For any comedy fan accustomed to stand-up featuring a steady rise towards an inevitable punch line, watching Neil Hamburger perform ought to be nothing less than a revelation. America’s Funnyman, as he so proudly declares himself, certainly transcends and occasionally even shatters the boundaries of formulaic comedy, but to call his performances mere anti-humour is to do him a great disservice. Hamburger is genuinely hilarious in his own right, with jokes that draw from absurdity, shock appeal and often just plain silliness. Hamburger has recorded many comedy albums, appeared in films such as Tenacious D in the Pick of Destiny, performed on television shows like Jimmy Kimmel Live!, and even released a country record for Drag City a couple of years back. Hamburger is also a tireless workhorse and tours ceaselessly. Do yourself a favour and see him on Saturday, July 10 at the Biltmore, a show which will also mark the triumphant return of Vancouver’s own comedy dynamo Hugh Phukovsky. For a mere $10 (advance tickets at Happy Bats, Red Cat, and Zulu), I can think of no better evening’s entertainment. I recently had the opportunity to catching up with Neil, who graciously took the time to respond to my email while on the road.
Discorder: You tour almost constantly. What’s the appeal of life on the road?
Neil Hamburger: There is no appeal. There is no choice!
D: Your jokes about fast food joints and other restaurants are certainly memorable. What are your favourite places to eat while on tour?
NH: I like to buy discounted canned goods from salvage warehouses, and heat them up in my motel room on a hot plate that was given to me by a concerned fan.
D: What types of venues do you prefer to appear at? Do any memorable dives from over the years come to mind?
NH: Madison Square Garden, in New York? That was the best place I ever played. Unfortunately, that type of booking is very rare.
D: In the song “Three Piece Chicken Dinner” from Neil Hamburger Sings Country Winners, you mention several notorious examples of ways in which you’ve been paid for your comedy over the years. Is this part of your career safely behind you, or do you still find yourself occasionally receiving casino chips and pizza crusts for your efforts?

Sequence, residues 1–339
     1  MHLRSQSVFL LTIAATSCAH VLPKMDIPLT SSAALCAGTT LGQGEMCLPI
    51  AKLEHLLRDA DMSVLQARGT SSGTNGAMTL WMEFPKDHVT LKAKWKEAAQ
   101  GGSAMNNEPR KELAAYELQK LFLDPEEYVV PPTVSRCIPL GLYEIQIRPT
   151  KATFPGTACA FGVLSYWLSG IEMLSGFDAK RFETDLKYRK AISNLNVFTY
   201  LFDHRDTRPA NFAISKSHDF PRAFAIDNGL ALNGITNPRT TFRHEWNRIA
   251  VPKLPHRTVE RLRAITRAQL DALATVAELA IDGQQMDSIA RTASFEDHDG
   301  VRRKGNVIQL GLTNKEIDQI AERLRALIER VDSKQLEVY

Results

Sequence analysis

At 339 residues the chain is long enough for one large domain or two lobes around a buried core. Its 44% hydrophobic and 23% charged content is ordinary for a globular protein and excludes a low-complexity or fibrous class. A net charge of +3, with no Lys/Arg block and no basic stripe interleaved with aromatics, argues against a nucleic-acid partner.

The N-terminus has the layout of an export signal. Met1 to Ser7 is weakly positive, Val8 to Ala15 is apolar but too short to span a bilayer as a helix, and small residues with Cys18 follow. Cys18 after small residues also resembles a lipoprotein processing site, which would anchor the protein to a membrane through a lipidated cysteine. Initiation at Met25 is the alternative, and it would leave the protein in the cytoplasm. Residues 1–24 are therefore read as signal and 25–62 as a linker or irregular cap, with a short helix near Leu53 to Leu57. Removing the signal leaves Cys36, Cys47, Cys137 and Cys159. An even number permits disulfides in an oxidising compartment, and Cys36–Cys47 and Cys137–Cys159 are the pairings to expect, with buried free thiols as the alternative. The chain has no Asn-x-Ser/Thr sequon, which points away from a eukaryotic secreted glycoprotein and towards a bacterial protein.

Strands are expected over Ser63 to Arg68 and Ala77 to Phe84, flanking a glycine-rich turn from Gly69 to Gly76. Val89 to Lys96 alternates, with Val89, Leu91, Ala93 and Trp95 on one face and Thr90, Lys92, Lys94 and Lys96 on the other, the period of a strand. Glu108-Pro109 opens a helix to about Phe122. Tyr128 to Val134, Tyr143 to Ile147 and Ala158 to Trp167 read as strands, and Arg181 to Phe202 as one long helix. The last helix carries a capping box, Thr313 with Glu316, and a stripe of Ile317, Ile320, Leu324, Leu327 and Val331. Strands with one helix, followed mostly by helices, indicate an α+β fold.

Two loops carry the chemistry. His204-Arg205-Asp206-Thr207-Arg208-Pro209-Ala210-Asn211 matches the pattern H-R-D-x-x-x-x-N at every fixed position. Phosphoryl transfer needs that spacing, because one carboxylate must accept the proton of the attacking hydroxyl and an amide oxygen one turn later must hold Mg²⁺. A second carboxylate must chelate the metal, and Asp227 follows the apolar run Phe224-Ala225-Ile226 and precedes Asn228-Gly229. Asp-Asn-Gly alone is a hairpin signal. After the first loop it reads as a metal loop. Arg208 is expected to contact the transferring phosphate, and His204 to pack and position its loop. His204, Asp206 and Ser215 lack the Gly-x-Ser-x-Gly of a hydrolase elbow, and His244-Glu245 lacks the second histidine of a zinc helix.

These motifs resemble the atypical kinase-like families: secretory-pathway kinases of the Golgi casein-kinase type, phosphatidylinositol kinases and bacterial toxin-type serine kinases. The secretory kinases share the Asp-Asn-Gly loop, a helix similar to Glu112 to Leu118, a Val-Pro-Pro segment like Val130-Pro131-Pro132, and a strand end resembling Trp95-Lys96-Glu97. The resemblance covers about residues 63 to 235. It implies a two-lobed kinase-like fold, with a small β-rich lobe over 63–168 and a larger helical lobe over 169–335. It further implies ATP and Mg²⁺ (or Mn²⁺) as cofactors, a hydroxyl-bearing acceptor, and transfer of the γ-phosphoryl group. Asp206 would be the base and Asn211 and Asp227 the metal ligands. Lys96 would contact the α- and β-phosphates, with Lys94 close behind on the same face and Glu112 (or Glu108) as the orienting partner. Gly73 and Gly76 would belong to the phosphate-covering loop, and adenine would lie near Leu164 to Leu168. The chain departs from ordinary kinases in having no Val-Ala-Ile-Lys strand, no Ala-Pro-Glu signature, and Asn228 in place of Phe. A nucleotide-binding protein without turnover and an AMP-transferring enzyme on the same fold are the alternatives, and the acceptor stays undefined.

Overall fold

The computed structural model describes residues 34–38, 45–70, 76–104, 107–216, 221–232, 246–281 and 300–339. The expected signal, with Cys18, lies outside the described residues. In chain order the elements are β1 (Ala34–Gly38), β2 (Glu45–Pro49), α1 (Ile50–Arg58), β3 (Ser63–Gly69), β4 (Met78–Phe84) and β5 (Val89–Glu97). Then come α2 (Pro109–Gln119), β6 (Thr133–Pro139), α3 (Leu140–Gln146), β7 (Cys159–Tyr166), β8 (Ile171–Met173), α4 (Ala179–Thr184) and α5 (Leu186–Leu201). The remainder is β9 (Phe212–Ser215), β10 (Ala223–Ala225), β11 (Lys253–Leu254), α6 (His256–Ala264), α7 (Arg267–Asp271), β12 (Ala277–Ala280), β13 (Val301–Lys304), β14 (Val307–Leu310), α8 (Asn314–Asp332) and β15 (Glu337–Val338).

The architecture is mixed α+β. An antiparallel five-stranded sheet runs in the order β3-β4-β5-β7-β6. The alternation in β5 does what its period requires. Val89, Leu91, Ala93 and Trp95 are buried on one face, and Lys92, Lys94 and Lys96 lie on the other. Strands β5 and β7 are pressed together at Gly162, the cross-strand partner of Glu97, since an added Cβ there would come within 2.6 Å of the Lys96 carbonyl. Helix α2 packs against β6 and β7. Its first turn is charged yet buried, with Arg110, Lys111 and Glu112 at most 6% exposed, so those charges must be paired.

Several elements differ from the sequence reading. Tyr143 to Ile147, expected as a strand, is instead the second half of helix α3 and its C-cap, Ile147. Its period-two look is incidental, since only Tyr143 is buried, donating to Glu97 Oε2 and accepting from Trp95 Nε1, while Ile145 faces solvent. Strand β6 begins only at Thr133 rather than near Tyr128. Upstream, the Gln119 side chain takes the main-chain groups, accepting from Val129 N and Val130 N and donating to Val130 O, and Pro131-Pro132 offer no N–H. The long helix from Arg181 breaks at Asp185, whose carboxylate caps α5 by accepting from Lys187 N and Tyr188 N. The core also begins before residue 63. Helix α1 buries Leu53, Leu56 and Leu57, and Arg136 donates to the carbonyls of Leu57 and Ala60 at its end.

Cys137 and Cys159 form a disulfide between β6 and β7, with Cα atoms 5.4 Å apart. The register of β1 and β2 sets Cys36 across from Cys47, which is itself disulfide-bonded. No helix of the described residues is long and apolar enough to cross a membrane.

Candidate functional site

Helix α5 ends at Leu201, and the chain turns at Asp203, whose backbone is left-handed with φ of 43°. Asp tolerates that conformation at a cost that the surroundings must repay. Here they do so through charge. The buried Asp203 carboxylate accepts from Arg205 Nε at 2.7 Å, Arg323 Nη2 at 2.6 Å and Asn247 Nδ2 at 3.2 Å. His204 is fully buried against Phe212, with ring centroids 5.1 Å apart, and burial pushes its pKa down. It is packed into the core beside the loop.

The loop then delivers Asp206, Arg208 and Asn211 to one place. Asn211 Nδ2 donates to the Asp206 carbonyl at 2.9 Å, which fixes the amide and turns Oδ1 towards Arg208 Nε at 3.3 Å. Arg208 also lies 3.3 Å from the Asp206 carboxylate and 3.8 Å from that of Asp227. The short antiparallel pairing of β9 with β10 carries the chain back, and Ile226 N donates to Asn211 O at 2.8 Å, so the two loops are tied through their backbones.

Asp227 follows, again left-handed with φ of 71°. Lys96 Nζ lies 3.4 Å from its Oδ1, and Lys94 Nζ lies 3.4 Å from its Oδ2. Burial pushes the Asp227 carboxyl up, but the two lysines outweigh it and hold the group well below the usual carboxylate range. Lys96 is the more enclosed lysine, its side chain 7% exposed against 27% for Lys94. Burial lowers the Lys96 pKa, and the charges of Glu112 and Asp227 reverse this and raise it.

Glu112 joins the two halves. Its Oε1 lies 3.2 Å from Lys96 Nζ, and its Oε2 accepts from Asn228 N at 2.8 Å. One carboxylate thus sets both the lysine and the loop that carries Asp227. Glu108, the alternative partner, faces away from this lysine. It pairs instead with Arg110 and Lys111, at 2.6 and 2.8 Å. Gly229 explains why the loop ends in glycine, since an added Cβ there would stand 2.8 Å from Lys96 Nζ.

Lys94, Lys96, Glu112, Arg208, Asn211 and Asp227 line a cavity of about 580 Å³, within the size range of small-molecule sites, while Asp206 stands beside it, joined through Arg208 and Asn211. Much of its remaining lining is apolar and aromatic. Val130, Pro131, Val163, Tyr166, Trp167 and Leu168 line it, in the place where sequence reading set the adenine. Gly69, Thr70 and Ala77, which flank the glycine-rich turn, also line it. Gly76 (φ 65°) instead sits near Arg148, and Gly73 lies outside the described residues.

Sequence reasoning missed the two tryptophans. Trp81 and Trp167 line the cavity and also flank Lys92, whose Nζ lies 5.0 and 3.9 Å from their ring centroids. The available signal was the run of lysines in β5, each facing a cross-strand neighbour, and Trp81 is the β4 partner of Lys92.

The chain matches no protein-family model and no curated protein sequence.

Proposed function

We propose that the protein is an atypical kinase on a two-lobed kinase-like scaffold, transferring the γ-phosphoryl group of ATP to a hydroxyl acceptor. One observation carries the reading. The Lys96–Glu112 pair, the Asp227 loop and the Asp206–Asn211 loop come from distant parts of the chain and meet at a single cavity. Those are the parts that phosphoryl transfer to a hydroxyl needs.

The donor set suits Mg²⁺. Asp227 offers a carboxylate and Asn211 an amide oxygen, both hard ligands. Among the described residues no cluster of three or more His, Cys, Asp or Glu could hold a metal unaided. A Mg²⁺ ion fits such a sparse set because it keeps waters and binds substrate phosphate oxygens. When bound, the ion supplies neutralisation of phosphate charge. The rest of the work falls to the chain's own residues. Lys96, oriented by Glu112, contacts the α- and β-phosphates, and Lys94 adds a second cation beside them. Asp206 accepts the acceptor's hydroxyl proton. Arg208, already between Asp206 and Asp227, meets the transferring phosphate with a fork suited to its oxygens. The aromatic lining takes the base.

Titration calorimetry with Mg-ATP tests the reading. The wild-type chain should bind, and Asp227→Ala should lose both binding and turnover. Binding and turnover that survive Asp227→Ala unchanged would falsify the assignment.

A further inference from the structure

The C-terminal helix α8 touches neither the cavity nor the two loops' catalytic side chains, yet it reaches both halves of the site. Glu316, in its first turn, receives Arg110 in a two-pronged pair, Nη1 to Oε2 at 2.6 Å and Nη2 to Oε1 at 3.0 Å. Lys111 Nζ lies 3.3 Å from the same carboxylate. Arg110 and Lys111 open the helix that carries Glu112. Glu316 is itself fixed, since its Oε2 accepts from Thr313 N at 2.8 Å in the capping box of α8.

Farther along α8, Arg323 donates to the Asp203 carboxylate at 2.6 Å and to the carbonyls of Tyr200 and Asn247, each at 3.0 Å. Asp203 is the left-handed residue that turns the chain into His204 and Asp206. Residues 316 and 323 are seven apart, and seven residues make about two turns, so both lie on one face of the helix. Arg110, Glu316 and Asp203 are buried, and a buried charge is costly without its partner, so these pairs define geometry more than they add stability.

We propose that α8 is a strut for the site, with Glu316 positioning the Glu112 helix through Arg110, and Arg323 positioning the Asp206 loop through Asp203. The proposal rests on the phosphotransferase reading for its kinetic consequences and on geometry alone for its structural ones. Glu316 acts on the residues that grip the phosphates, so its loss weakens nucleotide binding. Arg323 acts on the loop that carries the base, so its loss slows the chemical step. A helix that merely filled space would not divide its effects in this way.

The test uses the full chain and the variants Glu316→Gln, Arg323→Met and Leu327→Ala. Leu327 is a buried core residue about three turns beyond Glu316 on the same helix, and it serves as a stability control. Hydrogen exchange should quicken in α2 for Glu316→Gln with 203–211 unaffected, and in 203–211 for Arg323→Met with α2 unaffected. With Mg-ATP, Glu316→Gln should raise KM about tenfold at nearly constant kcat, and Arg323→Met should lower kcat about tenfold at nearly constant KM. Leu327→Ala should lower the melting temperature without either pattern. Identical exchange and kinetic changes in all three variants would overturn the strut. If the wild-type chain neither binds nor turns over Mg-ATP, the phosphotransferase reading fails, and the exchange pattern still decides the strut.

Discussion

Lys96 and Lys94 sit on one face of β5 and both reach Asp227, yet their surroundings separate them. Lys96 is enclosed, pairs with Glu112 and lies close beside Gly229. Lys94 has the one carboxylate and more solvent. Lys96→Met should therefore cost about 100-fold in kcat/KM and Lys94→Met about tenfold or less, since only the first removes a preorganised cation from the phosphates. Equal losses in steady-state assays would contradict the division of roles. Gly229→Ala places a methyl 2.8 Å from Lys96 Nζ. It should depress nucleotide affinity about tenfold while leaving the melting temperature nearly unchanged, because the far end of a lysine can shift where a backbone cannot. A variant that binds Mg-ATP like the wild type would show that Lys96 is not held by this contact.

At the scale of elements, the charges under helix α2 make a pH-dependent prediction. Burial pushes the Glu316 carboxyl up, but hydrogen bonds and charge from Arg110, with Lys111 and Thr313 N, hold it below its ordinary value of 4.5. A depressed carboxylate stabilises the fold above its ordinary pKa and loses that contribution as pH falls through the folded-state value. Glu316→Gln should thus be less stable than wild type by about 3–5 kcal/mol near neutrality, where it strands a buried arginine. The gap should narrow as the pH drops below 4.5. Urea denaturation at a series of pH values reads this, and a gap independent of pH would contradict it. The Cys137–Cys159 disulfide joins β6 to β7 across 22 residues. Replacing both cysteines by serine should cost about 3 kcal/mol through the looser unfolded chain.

NH: Every word in that song is true. I do not need to make things up. Payment can sometimes be pitiful, and contracts are routinely ignored. We had a guy try and pay us with one hundred bags of ice once. He claimed that each one was worth $3.99, so I was actually getting MORE than I was promised.
D: What was your experience like preparing The New Big Ball [ed. A gameshow he created with Tim & Eric, the creators of Tim & Eric Awesome Show Great Job, that Neil was going to host.] for the Adult Swim Network? Do you have any future programs planned for television?
NH: It was a great experience in every way, except that the pilot episode was eventually rejected by the network. That was not so great. I have a lot of plans, but as with anyone, most of them never come true.
D: Why did you decide to release a country album (Neil Hamburger Sings Country Winners) for Drag City? How did you get your band together?
NH: I think of it as more of a “personality album.” All the great, and not-so-great, personalities made these albums. They serve as “souvenirs” for the fans. The music itself does not have to be great, but in this case, I think it was. I had the best musicians in the business, although I did not deserve them. The record was a hit.
D: You recently created your own Twitter account. What does this exciting social networking service offer to an already established act like Neil Hamburger?
NH: It’s a good way to cry out for help, when broken down somewhere, and maybe now, someone will finally listen.
D: Do you have any favourite candidates in the upcoming midterm elections in the United States? Would you ever consider running for political office yourself? Are you aware that Canada will soon be appointing a new Governor General?
NH: I’m afraid I can’t get involved with politics, as it has the potential to alienate at least half of my fanbase.
D: I understand that you’ve had a few interesting experiences in front of Vancouver audiences. Is there anything special about performing here?
NH: Severe drinking problems seem commonplace there. I don’t know if it’s the city in general, or just my supporters. I do love the city itself.
D: Lastly, can local fans expect anything special from your gig here on Saturday, July 10 at the Biltmore?
NH: They can expect me to give everything I have, until there is simply nothing left in the tank. But that is hardly special.